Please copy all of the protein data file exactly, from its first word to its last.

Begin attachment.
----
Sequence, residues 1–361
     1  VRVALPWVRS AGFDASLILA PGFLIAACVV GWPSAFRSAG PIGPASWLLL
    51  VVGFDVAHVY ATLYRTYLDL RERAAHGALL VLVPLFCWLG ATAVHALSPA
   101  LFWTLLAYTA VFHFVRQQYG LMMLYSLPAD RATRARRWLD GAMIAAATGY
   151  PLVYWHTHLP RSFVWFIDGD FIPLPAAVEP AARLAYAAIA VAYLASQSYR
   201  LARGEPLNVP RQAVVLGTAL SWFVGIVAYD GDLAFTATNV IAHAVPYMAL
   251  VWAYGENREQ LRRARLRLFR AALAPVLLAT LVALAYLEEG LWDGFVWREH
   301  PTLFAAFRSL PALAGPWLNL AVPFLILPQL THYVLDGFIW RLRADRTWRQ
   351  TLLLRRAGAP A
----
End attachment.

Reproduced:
Sequence, residues 1–361
     1  VRVALPWVRS AGFDASLILA PGFLIAACVV GWPSAFRSAG PIGPASWLLL
    51  VVGFDVAHVY ATLYRTYLDL RERAAHGALL VLVPLFCWLG ATAVHALSPA
   101  LFWTLLAYTA VFHFVRQQYG LMMLYSLPAD RATRARRWLD GAMIAAATGY
   151  PLVYWHTHLP RSFVWFIDGD FIPLPAAVEP AARLAYAAIA VAYLASQSYR
   201  LARGEPLNVP RQAVVLGTAL SWFVGIVAYD GDLAFTATNV IAHAVPYMAL
   251  VWAYGENREQ LRRARLRLFR AALAPVLLAT LVALAYLEEG LWDGFVWREH
   301  PTLFAAFRSL PALAGPWLNL AVPFLILPQL THYVLDGFIW RLRADRTWRQ
   351  TLLLRRAGAP A